Toyota Corolla WRC
Motor Sport Day On Toyota Stand At British International Motor Show

Toyota has not one, but two F1 cars on its motor show stand at the NEC – and you can "drive" one of them as it is a full size simulator – but the focus for motor sport day on Friday, 1 November will be on rallying and Local Heroes.

2002 British Rally Champion, Jonny Milner and his Corolla WRC will be on the Toyota stand in Hall 1 alongside the world’s only hybrid rally car, the Toyota Prius which competed in the 5,000 mile Midnight Sun to Red Sea Rally. Driver and co-driver, Nik Berg and Tim Bampton, will also be on the stand.

Jonny Milner & Nicky Beech – 2002 British Rally Champions in a WRC Corolla

Yorkshireman Jonny Milner with Welsh co-driver Nicky Beech won the 2002 Pirelli British Rally Championship in a privateer Corolla WRC. Milner never finished off the podium in the seven event series and took three outright wins to claim the title. The Corolla won Toyota the World Rally Championship in 1999, but showed the depth of its ability by taking genuine privateer Milner to the title three years later.

Jonny Milner is one of the most gifted rally drivers in the UK and one of the most popular with the media and fans. His new title joins a list that includes British Junior Rally Champion, Shell Rally Scholarship winner and British Rallycross Champion.

Jonny starred as one of the fastest competitors in the 2000 British Rally Championship, despite driving "only" a showroom class, Group N, Toyota Celica, against superior machinery. With the 2001 series cancelled due to concerns regarding the Foot and Mouth outbreak in the UK, 2002 saw Jonny return to action in a Toyota Corolla World Rally Car (WRC). The step up finally offered Jonny the chance to show his undoubted ability at the top level.

Beech first teamed up with Jonny in 1998. Since then the pair have become a formidable team and have been regular front runners in the British Rally Championship ever since.

Nik Berg & Tim Bampton – Crew of the World’s First Hybrid Rally Prius

It might only have finished the gruelling 5,000 mile, three-week Midnight Sun to Red Sea Rally in 15th place, but the result secures the Toyota Prius’ place in motoring and motor sport history as the first hybrid car to enter and finish an official, FIA sanctioned event.

The route from Northern Sweden to Jordan – via the Czech Republic, Slovakia, Hungary, Bulgaria, Romania, Turkey and into the Lawrence of Arabia deserts of Syria – brought many dramas for the pioneering crew of Brits, Nik Berg (32) and Tim Bampton (33). They suffered a front suspension smashing crash in the Czech Republic, dodgy fuel in Turkey, not to mention weather and terrain as varied as 37 degree heat in the desert to lashing rain and rough rocky roads in Romania.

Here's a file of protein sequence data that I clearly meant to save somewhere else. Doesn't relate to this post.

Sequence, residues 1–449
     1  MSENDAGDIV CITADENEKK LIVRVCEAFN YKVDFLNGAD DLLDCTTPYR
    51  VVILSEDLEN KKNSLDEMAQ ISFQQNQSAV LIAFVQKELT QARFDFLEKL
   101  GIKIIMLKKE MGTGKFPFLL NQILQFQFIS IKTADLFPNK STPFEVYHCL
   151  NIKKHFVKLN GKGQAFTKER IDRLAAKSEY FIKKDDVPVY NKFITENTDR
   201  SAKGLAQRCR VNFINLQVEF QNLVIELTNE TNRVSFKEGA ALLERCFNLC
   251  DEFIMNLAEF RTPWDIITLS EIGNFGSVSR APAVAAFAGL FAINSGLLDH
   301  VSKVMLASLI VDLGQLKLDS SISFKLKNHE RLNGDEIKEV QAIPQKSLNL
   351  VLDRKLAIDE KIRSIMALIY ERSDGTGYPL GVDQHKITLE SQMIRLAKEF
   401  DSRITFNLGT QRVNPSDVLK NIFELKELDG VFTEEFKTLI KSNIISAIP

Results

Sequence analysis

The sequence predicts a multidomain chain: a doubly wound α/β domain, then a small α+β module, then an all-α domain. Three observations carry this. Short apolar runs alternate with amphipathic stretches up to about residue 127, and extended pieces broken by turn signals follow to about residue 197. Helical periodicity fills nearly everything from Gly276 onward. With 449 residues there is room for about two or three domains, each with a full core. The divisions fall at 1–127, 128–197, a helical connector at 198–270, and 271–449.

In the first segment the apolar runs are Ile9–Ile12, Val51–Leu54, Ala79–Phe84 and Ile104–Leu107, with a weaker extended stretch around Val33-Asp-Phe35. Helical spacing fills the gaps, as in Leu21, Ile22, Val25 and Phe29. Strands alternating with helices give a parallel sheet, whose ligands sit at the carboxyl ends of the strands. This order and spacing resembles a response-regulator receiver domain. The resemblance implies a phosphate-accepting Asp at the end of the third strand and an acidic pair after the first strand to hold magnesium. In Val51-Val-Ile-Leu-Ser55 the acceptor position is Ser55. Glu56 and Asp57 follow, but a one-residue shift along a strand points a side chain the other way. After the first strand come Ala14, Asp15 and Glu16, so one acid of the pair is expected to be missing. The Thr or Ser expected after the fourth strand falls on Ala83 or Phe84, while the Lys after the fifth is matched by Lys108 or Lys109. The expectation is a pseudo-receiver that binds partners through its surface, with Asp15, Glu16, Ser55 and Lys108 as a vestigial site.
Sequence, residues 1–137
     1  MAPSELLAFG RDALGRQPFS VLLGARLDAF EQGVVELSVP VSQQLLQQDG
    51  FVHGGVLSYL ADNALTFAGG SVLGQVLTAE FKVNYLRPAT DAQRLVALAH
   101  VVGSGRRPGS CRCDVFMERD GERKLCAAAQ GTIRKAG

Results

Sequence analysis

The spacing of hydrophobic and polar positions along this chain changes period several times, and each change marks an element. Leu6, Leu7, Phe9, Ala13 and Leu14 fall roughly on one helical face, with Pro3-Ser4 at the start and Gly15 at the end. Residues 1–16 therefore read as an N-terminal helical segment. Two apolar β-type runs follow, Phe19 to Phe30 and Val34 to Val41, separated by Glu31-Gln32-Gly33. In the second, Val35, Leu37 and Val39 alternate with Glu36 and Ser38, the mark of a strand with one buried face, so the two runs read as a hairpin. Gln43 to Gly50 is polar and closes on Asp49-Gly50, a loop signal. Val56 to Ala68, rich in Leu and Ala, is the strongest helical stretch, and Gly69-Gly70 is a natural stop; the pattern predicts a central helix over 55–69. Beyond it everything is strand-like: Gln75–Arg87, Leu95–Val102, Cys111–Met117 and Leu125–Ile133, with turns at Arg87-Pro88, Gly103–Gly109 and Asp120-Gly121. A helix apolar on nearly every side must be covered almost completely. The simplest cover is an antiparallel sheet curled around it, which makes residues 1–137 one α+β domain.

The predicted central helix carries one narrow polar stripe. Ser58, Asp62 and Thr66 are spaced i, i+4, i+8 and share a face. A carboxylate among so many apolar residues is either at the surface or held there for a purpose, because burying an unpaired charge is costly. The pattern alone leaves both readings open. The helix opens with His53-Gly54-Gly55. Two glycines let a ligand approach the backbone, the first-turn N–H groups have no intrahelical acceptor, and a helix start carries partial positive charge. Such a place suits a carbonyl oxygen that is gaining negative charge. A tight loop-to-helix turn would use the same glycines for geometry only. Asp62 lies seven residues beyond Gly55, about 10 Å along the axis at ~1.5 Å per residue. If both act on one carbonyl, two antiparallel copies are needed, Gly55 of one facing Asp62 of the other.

The drama continued right to the end when they got a puncture with several miles to go, but they pressed on regardless to complete the last of the 40 special stages that totalled more than 450 miles (720km) on tarmac, gravel and desert.

The Prius is the first of a new breed of car, one that uses less petrol and produces much lower emissions, especially around town. Hybrid – denoting a combination of two power sources – will become more and more common as Toyota and others work to provide a sustainable alternative to the fossil fuel burning engine. Toyota is the leader in hybrid technology and recently celebrated the sale of its 100,000th hybrid vehicle worldwide.

A 71hp 1.5-litre petrol engine and a 44hp electric motor power the Prius. The battery for the electric motor is continuously charged by both the petrol engine and by regenerative braking so the car requires no external charging. Capable of 100mph and 0-62mph in 13.4 seconds, yet producing just 114g/km of CO2, the rally Prius ran in the Group N (showroom) class.

Prius and the technology within it have won Toyota many awards around the world, but competition was never part of the plan for this most eco-friendly of family cars. Even with two motors it wasn’t the fastest car in the rally, but the aim from the beginning was to prove the car’s reliability and reach the finish in Jordan.

"This is a world first for this type of vehicle and the conditions were the toughest test yet of this new technology. Just to finish is a victory in itself. We drove the car hard over some of the roughest roads in Europe and it has performed superbly," explained Nik.

Driver Nik Berg is a freelance journalist and editorial consultant specialising in motoring and technology. Nik is a former Deputy Editor of BBC Top Gear Magazine and former Editor of BBC Tomorrow's World Magazine. Navigator Tim Bampton is a marketing and PR consultant. Tim has a wealth of experience in motor sport, most recently in Formula One with Williams and Honda.

Published : 30/10/02 Author : Melanie Carter

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